Budget writers and Gov. Chris Gregoire‘s office says a budget deal is close and could come as soon as tonight.
Senate Majority Leader Lisa Brown said Friday night that a deal had been reached on K-12 employees’ pay.
She and top budget writers weren’t giving details, but today Rep. Kathy Haigh, D-Shelton, was resigned to seeing a cut to teachers’ salaries, as the Senate had proposed.
The House had preferred to keep salaries the same and freeze teachers’ longevity pay increases.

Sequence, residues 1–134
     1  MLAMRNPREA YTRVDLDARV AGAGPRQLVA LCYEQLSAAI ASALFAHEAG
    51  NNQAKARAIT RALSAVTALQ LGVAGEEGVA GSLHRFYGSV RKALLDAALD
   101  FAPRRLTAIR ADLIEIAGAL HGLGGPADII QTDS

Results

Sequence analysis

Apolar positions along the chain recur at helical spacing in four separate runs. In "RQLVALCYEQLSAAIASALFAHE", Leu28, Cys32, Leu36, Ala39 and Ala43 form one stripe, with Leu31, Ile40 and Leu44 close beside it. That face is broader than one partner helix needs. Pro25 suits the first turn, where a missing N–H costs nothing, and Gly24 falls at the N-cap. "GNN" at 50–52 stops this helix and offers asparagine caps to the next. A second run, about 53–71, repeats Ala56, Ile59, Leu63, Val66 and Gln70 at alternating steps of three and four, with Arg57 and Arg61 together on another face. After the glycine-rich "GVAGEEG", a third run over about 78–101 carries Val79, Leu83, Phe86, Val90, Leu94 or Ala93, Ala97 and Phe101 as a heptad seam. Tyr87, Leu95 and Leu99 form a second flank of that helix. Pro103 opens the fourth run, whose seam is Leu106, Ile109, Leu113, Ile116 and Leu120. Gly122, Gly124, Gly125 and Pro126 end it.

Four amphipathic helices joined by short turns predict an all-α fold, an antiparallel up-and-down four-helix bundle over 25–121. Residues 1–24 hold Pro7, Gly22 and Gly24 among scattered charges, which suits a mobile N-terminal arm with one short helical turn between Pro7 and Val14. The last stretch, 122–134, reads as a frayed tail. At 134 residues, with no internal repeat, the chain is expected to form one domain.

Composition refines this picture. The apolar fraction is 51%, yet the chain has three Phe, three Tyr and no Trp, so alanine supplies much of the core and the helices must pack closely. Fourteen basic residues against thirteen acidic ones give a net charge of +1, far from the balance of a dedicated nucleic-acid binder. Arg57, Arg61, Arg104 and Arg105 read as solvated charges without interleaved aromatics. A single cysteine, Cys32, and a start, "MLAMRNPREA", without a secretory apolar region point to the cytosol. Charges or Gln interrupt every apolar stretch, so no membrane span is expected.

And Haigh said top budget negotiators had rejected her idea to cut the number of school days by an amount corresponding to salary cuts. That means school districts that can’t convince teachers’ unions to accept the pay cuts would have to make the cuts elsewhere in their budgets.
“There will be a lot of negotiations. There probably will be some strikes, and I don’t think that works very well for kids either,” Haigh said.
Delegates at a Washington Education Association assembly this month voted for a statewide day of action in the next school year if they are pay cuts, and teachers said some local unions would likely choose to strike on that day, even though Attorney General Rob McKenna‘s office has offered legal advice that public-employee strikes are unlawful.